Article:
Spain failed to obtain a permission from the US administration to sell 12 military planes with U.S. parts to Venezuela. "In a region in need of political stability, the Venezuelan government's actions and frequent statements contribute to regional instability. This proposed sale ... has the potential to complicate the situation," a statement from the U.S. Embassy in Madrid said.
Ambassador Eduardo Aguirre told Foreign Minister Miguel Angel Moratinos of the decision in a meeting Thursday, a ministry spokesman said.
The U.S. Embassy said it did not expect the military sale to damage relations with Spain.
In November, Spain agreed to sell the planes and eight patrol boats to Venezuela in a Ђ1.7 billion (US$2 billion) deal despite U.S. threats to block the sale because it included U.S. parts and technology.
The United States has said it feared the sale would upset the military balance in the region. Spain and Venezuela have insisted the planes would not be used for military purposes.
The aircraft are 10 C-295 transport planes and two CN-235 patrol planes.
Spain and Venezuela insist neither the boats nor transport planes were armed and that the patrol planes were to be used to combat the drug trade in Venezuela, which borders Colombia.
Spain on Friday said the deal would go ahead and insisted the permission refusal had come from the U.S. company responsible for the parts and not from the U.S. government.
Spain has the option of substituting U.S. parts for European ones, but news reports said this could prove too costly.
In its statement, the U.S. Embassy said: "The United States has repeatedly expressed, publicly and privately, its concerns regarding the government of Venezuela:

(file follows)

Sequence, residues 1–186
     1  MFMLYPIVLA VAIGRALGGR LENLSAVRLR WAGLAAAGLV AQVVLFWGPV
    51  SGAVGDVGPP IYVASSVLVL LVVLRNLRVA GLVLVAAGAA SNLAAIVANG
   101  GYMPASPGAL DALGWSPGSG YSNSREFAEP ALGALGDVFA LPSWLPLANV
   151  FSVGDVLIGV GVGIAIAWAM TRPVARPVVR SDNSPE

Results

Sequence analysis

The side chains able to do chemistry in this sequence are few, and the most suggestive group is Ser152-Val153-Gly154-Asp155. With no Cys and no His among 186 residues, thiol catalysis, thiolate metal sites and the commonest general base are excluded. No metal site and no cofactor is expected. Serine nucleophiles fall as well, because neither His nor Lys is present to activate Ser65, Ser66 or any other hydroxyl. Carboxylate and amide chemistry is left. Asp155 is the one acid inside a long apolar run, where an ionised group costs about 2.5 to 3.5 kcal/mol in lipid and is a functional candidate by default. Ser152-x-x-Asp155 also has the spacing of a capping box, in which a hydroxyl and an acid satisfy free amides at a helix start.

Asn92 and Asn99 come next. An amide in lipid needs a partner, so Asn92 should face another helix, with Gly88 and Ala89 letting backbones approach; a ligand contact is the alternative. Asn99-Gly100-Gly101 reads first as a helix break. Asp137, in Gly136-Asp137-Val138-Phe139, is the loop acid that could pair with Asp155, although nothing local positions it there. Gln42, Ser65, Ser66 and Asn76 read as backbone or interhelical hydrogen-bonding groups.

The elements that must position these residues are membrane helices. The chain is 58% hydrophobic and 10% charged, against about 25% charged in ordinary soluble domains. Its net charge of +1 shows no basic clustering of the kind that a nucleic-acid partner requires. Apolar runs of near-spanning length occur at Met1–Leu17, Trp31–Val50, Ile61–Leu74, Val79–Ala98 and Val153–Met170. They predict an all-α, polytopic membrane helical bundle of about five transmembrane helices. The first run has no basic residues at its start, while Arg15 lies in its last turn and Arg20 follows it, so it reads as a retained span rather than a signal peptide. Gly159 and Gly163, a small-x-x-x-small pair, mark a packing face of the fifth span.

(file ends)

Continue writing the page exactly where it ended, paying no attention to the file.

"Despite being democratically elected, the government of President Hugo Chavez has systematically undermined democratic institutions, pressured and harassed independent media and the political opposition, and grown progressively more autocratic and antidemocratic."
Chavez has accused Washington of hypocrisy for trying to block the sale despite using warplanes to invade Iraq and called it another example of how the United States attempts to dominate weaker countries.
Chavez, an ally of Cuban leader Fidel Castro, has also accused U.S. President George W. Bush of conspiring to overthrow him, which the U.S. government denies.
Washington also has expressed concerns that Venezuela is buying 100,000 Kalashnikov assault rifles from Russia. The first 30,000 rifles are due to arrive in December.
Relations between Spain and the United States also have chilled under Spanish Prime Minister Jose Luis Rodriguez Zapatero, who withdrew Spanish peacekeeping troops from Iraq immediately after he took office in April 2004, the AP reports.